By the author of
There has been a great deal of news (almost all bad) on the epidemic of Ebola hemorrhagic fever in West Africa. Until now, all previous outbreaks have been limited to a few hundred cases. At present, 4,800 cases have been documented in five countries: Guinea, Liberia, Sierra Leone, Nigeria, and Senegal. Over 2,400 deaths have occurred, with no end in sight.
Even though the region has large numbers of cases of Malaria and Diarrheal disease (all of which kill more people in a given year than Ebola), this epidemic has caused some nations to grind to an economic halt. This area is, for the most part, desperately poor to begin with and Ebola appears to be the straw that broke the camel’s back.
In a desperate effort to identify and isolate new cases, the government of Sierra Leone has undertaken the drastic measure of forbidding people to leave their homes for three days starting September 18th. In other areas, entire communities are under quarantine.
Ebola cruelly affects a disproportionately large number of health workers, the very people most needed in this type of emergency. Over 300 medical personnel have contracted the disease and 150 have died. Dr. Olivet Buck, a German physician, is the latest; she died in Sierra Leone before she could be medically evacuated to her home country.
All this in a country that has 2 doctors for every 100,000 people. Compare that to the U.S., where there are 2.5 physicians for every 1,000 people. The group Doctors Without Borders says Liberia’s capital city needs 1,000 beds for Ebola patients; that’s bad because there are only 240 beds available. We can, therefore, assume that three quarters of the people who have this contagious disease are still on the streets. The question is: Why should we, in a nation thousands of miles away, care?
Despite the best efforts of the World Health Organization and Doctors Without Borders, Ebola is expected to rage on in West Africa for another 12-18 months, with 20,000 cases predicted. Without coordination of relief efforts, the ability to contain the disease is limited and has been labeled a “failure” to date. Countries are sending supplies and equipment in piecemeal fashion. The U.S., for example, is setting up a 25 bed hospital for its part. Unfortunately, it’s far too little to make a dent in the epidemic.
It’s difficult for a person in a developed country to believe that medical systems, economies, even governments, might fail as a result of a virus. The average U.S. citizen suffers from what we call “Normalcy Bias”. This is the tendency to believe that, since things have been just fine, everything will always remain so. Normalcy bias was probably a significant factor in the consequences to the U.S. of the Spanish Flu Pandemic of 1918.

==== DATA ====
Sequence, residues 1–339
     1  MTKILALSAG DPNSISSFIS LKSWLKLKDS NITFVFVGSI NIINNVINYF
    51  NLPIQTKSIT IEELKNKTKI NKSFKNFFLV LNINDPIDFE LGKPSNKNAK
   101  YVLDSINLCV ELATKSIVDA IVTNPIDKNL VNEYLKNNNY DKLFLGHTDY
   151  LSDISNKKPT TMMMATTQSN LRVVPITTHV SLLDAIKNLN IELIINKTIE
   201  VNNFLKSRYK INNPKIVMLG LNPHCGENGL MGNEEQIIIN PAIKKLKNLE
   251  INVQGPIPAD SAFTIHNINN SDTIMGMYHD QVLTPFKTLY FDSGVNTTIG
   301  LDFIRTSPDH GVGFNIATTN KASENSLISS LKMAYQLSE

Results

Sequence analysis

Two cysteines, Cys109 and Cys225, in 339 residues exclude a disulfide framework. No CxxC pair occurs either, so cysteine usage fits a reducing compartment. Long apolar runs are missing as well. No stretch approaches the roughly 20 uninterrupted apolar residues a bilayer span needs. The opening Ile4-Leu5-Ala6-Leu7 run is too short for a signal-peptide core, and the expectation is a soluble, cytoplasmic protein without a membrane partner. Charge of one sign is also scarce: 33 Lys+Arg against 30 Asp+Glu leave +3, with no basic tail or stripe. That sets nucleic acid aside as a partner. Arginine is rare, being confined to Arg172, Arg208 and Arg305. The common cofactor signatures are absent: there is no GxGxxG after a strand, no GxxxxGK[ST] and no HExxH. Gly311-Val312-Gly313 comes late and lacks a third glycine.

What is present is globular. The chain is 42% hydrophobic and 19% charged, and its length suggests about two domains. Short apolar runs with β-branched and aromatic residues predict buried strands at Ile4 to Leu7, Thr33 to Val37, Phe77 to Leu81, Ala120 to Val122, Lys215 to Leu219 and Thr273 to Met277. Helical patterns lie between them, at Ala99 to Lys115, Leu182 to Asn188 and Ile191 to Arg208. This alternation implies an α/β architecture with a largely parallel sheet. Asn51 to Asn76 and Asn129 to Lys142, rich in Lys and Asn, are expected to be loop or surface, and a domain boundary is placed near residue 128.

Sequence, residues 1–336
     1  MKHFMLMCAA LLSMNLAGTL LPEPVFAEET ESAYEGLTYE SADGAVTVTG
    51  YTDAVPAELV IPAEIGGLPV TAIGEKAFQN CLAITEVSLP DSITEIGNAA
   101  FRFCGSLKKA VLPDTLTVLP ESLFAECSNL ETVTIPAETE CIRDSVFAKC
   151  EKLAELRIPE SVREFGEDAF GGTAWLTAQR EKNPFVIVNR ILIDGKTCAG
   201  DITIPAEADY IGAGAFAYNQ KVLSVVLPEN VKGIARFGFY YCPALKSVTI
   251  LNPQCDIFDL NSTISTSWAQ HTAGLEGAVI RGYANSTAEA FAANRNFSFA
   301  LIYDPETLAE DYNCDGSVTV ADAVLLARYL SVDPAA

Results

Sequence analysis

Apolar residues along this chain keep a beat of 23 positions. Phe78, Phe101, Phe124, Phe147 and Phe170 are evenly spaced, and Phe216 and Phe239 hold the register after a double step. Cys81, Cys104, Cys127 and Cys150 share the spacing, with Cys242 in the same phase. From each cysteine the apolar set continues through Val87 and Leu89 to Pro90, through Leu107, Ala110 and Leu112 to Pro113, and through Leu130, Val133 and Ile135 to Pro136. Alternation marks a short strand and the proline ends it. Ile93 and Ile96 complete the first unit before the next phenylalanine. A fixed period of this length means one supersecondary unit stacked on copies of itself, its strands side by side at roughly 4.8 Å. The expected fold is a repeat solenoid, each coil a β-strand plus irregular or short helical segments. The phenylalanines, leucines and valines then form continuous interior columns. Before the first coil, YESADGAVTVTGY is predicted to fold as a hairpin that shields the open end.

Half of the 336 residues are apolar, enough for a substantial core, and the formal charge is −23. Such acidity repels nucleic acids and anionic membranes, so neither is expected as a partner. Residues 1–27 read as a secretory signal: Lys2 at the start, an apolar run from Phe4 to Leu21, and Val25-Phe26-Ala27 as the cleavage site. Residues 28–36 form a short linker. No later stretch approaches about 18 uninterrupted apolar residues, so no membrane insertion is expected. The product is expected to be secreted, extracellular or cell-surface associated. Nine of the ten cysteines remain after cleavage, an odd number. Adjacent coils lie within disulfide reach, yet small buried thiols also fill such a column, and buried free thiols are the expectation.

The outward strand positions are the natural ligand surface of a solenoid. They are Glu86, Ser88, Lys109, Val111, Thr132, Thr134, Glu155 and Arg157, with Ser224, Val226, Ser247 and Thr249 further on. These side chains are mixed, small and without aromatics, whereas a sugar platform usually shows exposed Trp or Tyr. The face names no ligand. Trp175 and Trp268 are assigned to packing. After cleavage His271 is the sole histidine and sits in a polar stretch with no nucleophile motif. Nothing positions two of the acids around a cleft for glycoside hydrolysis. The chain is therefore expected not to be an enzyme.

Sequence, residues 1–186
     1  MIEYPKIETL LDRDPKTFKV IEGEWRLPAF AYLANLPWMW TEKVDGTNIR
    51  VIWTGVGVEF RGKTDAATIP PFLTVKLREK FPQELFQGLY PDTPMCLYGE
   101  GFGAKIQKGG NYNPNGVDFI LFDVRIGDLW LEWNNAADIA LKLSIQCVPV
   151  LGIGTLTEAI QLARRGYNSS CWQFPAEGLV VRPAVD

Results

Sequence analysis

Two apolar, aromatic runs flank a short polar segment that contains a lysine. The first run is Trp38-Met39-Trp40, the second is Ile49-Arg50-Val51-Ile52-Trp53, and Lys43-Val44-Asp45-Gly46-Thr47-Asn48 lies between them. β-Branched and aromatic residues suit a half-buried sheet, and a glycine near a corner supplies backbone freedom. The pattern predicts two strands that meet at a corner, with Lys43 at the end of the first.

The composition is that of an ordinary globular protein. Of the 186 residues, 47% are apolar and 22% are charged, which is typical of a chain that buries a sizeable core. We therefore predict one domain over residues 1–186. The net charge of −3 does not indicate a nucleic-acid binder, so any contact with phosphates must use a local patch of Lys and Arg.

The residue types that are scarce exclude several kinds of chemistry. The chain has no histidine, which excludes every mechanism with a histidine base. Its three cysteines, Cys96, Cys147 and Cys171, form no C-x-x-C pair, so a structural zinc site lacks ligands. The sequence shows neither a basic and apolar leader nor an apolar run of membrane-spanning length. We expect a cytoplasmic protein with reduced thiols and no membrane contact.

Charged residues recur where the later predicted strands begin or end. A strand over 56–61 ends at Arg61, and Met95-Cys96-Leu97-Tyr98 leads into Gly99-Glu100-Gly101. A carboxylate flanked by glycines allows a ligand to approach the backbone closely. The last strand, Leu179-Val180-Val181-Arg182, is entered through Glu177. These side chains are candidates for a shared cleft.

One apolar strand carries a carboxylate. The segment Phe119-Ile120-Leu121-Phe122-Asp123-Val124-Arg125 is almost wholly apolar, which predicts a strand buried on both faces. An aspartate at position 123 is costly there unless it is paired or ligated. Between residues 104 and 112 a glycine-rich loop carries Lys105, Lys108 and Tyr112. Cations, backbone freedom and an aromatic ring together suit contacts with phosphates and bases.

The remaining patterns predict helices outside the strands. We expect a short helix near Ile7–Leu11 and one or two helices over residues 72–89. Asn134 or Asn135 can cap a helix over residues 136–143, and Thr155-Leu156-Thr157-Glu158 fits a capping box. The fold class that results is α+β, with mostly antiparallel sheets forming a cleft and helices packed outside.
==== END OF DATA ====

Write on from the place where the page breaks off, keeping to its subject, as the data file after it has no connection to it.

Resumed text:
Despite this, few homes have gloves and medical masks in their medicine cabinet, even though they would be useful for any outbreak of infectious disease. This is in comparison to Asian countries, the citizens of which oftentimes carry these items on their person. They have no qualms about wearing them in public; indeed, it is considered a sign of social responsibility to do so, especially when one has a cold or flu.
Approximately 10,000 West Africans visit the U.S. every three months, through the hubs of New York, Atlanta, and Houston. With commercial airlines allowing world travel in a day, this deadly disease will one day make an appearance here. Hopefully, our advanced infection prevention protocols will isolate it before it goes community-wide. Given that viruses like Enterovirus68, which has hospitalized hundred of kids in the Midwest and West recently, can travel like wildfire, Ebola could possibly do the same.
There is some good news: High heat, humidity and other requirements for Ebola’s survival make it unlikely to survive for long in temperate climates as seen in the U.S. Having said that, complacent attitudes due to normalcy bias is why epidemics and natural disasters catch most people by surprise. Never panic, but make sure that your medicine cabinet can handle more than just a headache and a runny nose. Being medically prepared is not just a sign of social responsibility; it’s a sign of common sense.
About the authors:
Joe and Amy Alton are the authors of the #1 Amazon Bestseller “The Survival Medicine Handbook.” See their articles in Backwoods Home, Survival Quarterly, and other great magazines. For over 400 articles on medical preparedness, go to their website at www.doomandbloom.net.
The opinions voiced by Joe Alton, M.D., and Amy Alton, A.R.N.P., aka Dr. Bones and Nurse Amy, are their own and are not meant to take the place of seeking medical help from your healthcare provider. The practice of medicine without a license is illegal and punishable by law. Seek modern and standard medical care whenever and wherever it is available.
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